Former Christie Aides Seek To Quash Subpoenas
TRENTON, N.J. (CBSNewYork/AP) — It’s now up to a judge to decide whether two key figures in the George Washington Bridge lane closure scandal will have to turn over text messages and other private communications to lawmakers investigating the case.
Lawyers for fired Christie aide Bridget Kelly and two-time campaign manager Bill Stepien argued Tuesday that complying with the subpoenas carries the risk of self-incrimination.
“This is about the ability of the government to call someone to be a witness against themselves,” Kevin Marino, Stepien’s lawyer, told reporters outside court.
Lawyers for the legislative panel counter that documents released so far make it reasonable that other correspondence exists and should be turned over.
“These subpoenas are not fishing expeditions of any sort,” attorney Reid Schar told the judge. “Quite the opposite. We have, in fact, presented to your honor communications both from Mr. Stepien and Ms. Kelly or between them on this very topic.”
But the judge raised concerns over digging into every communication Kelly, the governor’s former deputy chief of staff, may have, including handwritten notes.
“There is a federal investigation that is ongoing into the lane closures for the GW Bridge,” Mercer County Superior Court Judge Mary Jacobson told lawyers for the committee. “And you argue that it’s not reasonable for them to fear prosecution, and it’s sort of hard to take that position.”
As WCBS 880’s Peter Haskell reported, Kelly listened attentively to complex legal arguments for three hours but did not speak.
While Stepien elected not to appear, Kelly’s attorney, Michael Critchley, said it was important to her to attend the hearing.
“Her life has been affected dramatically, and today the court was going to discuss an issue of significance that affected her life and she wanted to be here,” he said outside court.
“She’s a 42-year-old single mom with four children trying to make due in a difficult time,” Critchley added. “She’s unemployed.”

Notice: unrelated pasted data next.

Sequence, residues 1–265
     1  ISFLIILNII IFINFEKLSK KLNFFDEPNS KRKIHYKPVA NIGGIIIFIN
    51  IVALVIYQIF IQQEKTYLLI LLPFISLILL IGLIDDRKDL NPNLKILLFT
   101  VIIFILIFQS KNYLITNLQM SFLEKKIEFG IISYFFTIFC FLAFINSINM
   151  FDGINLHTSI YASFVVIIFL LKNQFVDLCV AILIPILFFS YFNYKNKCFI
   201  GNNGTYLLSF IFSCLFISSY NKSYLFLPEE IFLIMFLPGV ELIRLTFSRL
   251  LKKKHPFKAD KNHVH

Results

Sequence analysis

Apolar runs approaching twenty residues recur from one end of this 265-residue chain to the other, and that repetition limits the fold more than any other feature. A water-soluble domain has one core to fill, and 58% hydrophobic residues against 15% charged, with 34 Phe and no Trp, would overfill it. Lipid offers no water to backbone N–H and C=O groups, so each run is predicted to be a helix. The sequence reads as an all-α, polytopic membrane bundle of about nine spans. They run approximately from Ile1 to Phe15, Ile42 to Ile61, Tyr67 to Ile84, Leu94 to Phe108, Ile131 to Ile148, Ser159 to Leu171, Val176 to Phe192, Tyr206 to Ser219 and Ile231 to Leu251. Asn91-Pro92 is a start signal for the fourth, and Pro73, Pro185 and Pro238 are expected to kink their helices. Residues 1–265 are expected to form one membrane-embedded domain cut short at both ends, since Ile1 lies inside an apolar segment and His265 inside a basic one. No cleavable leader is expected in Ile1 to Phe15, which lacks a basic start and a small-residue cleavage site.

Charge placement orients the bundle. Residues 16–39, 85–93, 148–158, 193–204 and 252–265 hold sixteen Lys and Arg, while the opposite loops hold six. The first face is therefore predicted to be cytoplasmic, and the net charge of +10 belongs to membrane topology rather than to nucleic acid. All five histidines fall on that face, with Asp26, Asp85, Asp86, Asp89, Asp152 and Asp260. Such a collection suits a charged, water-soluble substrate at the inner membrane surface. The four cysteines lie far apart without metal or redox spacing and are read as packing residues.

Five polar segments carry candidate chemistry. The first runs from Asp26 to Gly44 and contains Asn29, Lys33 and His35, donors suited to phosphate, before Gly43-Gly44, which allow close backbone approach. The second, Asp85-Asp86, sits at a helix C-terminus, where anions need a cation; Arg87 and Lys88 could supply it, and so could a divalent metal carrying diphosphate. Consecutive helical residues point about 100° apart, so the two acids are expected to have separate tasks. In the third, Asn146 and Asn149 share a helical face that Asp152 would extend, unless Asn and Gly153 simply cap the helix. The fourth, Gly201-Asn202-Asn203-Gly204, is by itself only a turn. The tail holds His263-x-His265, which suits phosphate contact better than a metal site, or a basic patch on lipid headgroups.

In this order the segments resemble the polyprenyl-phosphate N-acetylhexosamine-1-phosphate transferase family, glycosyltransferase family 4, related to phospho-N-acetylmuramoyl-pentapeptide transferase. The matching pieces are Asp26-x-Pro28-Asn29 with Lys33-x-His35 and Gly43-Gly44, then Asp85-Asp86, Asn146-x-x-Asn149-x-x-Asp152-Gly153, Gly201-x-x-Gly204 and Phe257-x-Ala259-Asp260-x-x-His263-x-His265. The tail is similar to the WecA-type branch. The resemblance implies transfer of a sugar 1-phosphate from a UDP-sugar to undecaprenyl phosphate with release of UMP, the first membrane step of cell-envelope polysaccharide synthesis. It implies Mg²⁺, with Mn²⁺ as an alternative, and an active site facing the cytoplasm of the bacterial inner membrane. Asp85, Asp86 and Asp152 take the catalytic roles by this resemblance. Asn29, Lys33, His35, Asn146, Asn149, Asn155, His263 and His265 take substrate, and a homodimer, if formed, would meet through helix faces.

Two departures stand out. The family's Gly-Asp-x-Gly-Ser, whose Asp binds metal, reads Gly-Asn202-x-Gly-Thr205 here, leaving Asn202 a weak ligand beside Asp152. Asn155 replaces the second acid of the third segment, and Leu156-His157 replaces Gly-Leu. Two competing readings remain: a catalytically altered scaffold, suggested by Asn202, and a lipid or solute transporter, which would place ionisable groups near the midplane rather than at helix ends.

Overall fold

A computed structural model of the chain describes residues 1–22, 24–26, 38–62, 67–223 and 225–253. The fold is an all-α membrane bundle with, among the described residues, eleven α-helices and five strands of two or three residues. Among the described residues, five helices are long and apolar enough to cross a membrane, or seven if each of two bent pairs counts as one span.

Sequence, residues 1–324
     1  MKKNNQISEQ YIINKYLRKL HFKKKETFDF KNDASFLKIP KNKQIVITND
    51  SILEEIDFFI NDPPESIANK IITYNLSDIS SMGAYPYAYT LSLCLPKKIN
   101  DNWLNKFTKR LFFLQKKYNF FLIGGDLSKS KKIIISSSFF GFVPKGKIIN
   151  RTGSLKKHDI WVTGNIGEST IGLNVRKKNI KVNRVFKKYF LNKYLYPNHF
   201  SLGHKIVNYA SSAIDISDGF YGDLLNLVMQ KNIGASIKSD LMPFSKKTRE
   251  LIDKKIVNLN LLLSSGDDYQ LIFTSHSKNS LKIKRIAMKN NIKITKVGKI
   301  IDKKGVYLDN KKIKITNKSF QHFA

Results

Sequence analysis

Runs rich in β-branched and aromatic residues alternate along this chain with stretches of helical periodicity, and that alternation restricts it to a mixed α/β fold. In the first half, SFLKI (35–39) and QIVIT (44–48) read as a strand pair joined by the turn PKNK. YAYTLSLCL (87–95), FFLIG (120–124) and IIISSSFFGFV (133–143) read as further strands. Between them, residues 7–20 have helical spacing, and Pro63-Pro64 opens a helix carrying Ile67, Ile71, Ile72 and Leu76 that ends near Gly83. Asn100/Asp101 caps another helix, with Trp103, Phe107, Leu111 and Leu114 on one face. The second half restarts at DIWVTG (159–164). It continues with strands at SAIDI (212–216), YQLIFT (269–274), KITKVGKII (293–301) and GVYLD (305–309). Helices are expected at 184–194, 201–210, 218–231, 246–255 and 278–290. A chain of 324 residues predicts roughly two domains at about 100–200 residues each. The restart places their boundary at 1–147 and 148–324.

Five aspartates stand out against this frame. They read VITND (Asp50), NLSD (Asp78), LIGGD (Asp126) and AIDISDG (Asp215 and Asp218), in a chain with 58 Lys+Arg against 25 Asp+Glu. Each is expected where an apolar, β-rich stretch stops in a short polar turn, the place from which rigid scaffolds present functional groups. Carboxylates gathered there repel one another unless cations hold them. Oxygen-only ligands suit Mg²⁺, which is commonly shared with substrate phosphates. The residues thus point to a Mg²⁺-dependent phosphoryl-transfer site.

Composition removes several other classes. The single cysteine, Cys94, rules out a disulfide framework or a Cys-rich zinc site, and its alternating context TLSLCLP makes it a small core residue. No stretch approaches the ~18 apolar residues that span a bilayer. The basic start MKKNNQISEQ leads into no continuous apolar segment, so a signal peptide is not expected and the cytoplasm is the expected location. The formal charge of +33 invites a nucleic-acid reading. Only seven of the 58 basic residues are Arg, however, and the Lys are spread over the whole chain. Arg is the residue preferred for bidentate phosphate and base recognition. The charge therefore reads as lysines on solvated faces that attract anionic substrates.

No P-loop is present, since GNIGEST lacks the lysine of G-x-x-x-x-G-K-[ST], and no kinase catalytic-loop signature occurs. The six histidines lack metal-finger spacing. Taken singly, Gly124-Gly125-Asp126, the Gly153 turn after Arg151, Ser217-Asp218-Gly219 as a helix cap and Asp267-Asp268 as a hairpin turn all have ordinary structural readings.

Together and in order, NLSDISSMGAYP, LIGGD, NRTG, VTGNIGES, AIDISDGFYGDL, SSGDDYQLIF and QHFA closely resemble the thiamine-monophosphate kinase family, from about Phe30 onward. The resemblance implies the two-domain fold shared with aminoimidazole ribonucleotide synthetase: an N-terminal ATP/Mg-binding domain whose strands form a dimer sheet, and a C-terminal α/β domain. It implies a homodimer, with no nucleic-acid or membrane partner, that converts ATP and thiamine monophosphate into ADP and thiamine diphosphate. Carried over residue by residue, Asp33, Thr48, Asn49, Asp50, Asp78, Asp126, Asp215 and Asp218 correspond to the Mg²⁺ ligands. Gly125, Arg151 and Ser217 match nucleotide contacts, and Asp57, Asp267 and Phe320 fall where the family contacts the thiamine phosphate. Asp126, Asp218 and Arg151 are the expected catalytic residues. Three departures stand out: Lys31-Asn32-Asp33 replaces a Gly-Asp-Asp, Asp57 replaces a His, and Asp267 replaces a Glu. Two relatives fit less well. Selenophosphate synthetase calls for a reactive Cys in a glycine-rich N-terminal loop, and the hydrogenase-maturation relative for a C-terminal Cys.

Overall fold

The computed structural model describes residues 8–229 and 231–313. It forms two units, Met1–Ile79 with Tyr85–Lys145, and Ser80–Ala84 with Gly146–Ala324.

Marino told reporters, including CBS 2’s Christine Sloan, he feels “very strongly that Bill Stepien is an innocent man — an innocent man who is being ensnared by ambiguous circumstances.”
The judge will issue a ruling at a later date. Members of the committee said they anticipate a decision before the end of the month.
The subpoenas seek documents involving the lane closures leading to the bridge during four days in September, creative gridlock in Fort Lee, apparently to punish the town’s Democratic mayor, Mark Sokolich, for not endorsing Gov. Chris Christie for re-election.
Kelly was fired in January after emails obtained earlier in the investigation showed she set the lane closings in motion with a message: “Time for some traffic problems in Fort Lee.”
The response, “got it,” came from David Wildstein, another Christie loyalist who worked at the Port Authority. He resigned in December.
Christie has said he knew nothing of the plot’s planning or execution. In all, five people close to Christie have been fired or resigned.
Some 32 people or organizations close to the governor, including his re-election campaign and the Republican State Committee, have been subpoenaed. All but Kelly and Stepien have complied or are in the process of producing documents.
A parallel criminal investigation by the U.S. attorney’s office seeks to uncover whether federal laws were broken.
The legislative panel wants to find out how high up Christie’s chain of command the lane-closing scheme went and why it was hatched.
Check Out These Other Stories From CBSNewYork.com:
- Still Looking For Holiday Gifts? CBS2’s Alex Denis Has The Ultimate Last-Minute Holiday Shopping Guide
- Memorial Grows As Tributes Pour In For Slain NYPD Cops
- NYPD, Other Departments On High Alert After Officers Killed In Brooklyn
- De Blasio To Speak On Bond Between Police, Community As Tensions Mount
(TM and © Copyright 2014 CBS Radio Inc. and its relevant subsidiaries. CBS RADIO and EYE Logo TM and Copyright 2014 CBS Broadcasting Inc. Used under license. All Rights Reserved. This material may not be published, broadcast, rewritten, or redistributed. The Associated Press contributed to this report.)